‘The Seven Moms of the Vondelpark’ is a collection of 7 short stories, each featuring a different kind of mom you come across with in the Vondelpark around 3 pm on a sunny Saturday afternoon. The Dutch moms are Sandra, Sophie, Sylvia, Susanne, Saartje, Simone and Sarah. They are all fictional, but recognisable for the Amsterdam readers. They are portrayed in a beholding point of view.
‘The hint of Chanel N°5 drifting in the light spring breeze accompanied by the tapping of overpriced Louboutins announces she’s near. Let’s call her Sophie. Here and there a gaze from the crowd can be spotted. She walks like she was born to do nothing else. With utter grace she lands herself like a swan by her flock of friends. Her big black Jackie Kennedy shades seem like a necessity. Not only to complement the carefully selected spring blue dress that seems to be sown on to her body, but also to hide the fact that one too many wines were consumed at last night’s soiree. But Sophie will never complain about her life choices. It was only a matter of seconds until the semi-jealous question came across the conversation. ‘What is your secret?’ Sophie is a mystery for every woman, and a desire for most men. Elegantly she smiles, but never really answers the question. Sophie’s bronze tanned legs equals those of a Russian ballet dancer, her golden hair reminds me of the manes of a determined lion. She didn’t bring her two sons, they are with the nanny, attending one of the many lavish birthday parties they get invited to. Instead, she brought a bottle of prosecco. Suddenly, in full excitement, Sophie grabs her phone to show a picture to her friends of that adorable antique bedside table she bought on her last trip to Sicily. The 3-day-splurge on the Italian island with her husband sounds magnificent. She vividly describes the perfect creamy tagliatella she had, the one that most woman above thirty-five fear. Her husband wasn’t named once. While her friends are caught in a mesmerising state of tranquility and Italian bliss, her phone rings. It’s her hairstylist, confirming the 4 o’clock appointment. In the last 45 minutes she’s been the centre of attention. She apologises while swiftly putting her Louboutins back on. While she walks away, she turnes around with the most charming smile while blowing a kiss. The tapping of her heels slowly fades, and all that is left, is admiration.’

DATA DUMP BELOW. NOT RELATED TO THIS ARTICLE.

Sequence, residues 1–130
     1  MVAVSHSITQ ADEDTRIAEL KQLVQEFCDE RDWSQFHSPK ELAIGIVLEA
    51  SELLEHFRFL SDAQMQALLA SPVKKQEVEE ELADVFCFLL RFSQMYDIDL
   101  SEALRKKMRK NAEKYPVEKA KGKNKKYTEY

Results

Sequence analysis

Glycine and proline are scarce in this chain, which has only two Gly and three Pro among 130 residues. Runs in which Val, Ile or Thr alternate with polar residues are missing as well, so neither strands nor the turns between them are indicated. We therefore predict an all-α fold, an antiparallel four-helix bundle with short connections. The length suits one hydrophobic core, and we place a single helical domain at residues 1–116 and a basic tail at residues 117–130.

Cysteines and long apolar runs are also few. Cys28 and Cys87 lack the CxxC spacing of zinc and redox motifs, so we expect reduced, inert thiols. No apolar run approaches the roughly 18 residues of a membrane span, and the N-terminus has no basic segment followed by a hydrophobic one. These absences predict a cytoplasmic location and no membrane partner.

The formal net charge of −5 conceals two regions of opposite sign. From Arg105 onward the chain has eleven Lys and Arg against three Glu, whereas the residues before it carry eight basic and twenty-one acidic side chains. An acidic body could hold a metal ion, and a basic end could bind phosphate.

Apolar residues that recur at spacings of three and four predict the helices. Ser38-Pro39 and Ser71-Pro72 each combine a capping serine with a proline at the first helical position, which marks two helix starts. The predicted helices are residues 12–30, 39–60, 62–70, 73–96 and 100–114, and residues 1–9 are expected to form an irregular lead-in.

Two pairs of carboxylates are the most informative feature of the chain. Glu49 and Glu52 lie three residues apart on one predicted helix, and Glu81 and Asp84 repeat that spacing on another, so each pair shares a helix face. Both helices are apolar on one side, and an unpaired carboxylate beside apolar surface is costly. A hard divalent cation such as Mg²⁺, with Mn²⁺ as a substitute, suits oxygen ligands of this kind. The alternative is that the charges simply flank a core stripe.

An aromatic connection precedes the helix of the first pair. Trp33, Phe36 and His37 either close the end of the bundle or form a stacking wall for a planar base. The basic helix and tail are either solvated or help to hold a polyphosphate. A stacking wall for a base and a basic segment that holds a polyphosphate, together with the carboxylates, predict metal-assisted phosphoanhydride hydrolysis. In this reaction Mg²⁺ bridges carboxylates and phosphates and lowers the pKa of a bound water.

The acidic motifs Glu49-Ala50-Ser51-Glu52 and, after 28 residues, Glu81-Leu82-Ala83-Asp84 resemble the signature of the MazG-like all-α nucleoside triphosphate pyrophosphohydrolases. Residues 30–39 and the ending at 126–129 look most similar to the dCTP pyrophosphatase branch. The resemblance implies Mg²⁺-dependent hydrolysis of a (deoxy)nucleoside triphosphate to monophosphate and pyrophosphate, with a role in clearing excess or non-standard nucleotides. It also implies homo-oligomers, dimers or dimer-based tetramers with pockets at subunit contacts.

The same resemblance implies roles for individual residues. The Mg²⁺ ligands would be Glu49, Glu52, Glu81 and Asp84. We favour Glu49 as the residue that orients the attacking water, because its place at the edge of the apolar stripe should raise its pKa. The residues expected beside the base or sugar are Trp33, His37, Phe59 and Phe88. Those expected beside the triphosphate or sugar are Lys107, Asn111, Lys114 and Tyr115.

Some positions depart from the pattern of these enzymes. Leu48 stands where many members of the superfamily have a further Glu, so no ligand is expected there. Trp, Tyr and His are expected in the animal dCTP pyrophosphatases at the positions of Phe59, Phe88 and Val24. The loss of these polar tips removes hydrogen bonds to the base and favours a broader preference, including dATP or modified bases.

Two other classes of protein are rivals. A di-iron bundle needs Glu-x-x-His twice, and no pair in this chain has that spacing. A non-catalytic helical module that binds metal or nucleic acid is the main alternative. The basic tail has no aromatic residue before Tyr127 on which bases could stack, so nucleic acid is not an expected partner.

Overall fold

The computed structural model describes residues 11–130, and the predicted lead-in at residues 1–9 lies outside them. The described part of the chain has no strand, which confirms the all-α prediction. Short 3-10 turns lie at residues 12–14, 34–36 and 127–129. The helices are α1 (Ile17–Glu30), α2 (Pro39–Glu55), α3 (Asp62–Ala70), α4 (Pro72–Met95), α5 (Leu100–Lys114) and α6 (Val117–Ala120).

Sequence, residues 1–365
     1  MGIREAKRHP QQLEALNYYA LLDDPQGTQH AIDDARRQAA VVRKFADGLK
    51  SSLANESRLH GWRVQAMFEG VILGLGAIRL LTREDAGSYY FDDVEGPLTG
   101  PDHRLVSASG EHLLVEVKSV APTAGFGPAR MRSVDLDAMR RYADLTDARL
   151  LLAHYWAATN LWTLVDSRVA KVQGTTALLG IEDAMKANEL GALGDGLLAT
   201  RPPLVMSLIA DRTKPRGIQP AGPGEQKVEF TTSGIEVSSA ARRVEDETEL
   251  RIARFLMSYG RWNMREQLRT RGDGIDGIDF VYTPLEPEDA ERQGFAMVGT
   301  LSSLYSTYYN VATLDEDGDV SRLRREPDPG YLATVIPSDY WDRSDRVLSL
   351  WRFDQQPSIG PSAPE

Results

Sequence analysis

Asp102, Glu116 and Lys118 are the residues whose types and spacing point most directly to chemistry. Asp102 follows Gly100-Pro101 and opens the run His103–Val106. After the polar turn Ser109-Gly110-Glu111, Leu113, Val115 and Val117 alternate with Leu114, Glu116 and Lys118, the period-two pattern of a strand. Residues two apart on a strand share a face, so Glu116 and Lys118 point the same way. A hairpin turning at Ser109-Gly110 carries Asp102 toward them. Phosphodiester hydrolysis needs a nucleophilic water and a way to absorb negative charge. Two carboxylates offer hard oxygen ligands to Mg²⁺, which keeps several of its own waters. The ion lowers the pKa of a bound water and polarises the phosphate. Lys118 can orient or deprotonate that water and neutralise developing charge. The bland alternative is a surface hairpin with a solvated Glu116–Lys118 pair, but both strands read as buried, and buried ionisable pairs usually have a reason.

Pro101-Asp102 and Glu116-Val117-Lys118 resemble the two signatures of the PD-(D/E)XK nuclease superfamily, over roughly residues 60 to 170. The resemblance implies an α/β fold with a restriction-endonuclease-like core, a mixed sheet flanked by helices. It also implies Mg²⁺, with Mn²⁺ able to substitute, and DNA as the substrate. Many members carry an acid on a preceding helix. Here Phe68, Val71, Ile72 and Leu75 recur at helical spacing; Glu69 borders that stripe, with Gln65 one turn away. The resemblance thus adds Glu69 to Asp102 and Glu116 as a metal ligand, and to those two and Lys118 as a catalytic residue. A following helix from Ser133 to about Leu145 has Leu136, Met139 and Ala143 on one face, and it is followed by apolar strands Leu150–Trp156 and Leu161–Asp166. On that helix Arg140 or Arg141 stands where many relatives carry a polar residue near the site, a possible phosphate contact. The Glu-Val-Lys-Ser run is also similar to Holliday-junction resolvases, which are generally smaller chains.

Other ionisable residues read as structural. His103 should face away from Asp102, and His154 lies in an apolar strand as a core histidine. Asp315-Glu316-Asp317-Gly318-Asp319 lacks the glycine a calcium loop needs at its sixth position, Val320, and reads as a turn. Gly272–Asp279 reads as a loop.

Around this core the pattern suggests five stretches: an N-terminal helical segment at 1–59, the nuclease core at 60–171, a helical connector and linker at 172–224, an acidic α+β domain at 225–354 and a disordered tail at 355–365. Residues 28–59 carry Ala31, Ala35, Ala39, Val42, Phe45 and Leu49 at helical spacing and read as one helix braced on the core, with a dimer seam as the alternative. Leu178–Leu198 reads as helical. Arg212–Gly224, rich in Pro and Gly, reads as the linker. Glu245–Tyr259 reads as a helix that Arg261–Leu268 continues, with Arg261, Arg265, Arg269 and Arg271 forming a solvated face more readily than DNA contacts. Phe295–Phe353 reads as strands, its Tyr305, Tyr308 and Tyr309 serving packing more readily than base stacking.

‘I hear a woman yelling the word ‘Maan’, distantly in the background. As I turn around I come to the conclusion she is calling her 3 year old son, who is feeding his half-eaten rice waffle to a group of ducks. He runs back to his mom, who is folding out a handwoven blanket with tribal patterns. After setting up her spot in the soothing shadow of an old pine tree, she takes off her denim jacket. On her left arm there is a faded Buddhist tattoo representing tranquility and peace. It’s a memento from a time in her life when she was free in a different sense. The woman, named Saartje, is rummaging through her bag while the little boy seems bored, impatiently tucking his moms faded olive-green top. A bottle of sunscreen appears and after a little swipe on the boy’s nose, he is free to join the other kids in the sandpit. Her eyes follow the little rascal into his adventures. A content sigh confirms Saartje is happy where life brought her. A single mom, but with enough love to give. Her hair, slightly frizzy, seems one of her least concerns. It’s tied in a messy bun. A pack of Lucky Strikes is sticking out of her knitted bag. It’s not long after that she allows herself one. The way she enjoys every single drag in complete bliss shows it is a limited pleasure for her. Saartje knows like no other how important a healthy lifestyle is. This is confirmed by the seven ziplock bags filled with fresh vegetables and fruit spread over the blanket. The way she is experiencing inner peace is so appealing, it even calms myself. While Maan is getting tired, it’s time to go. Saartje needs to visit the organic market before heading home. She is out of goat milk.’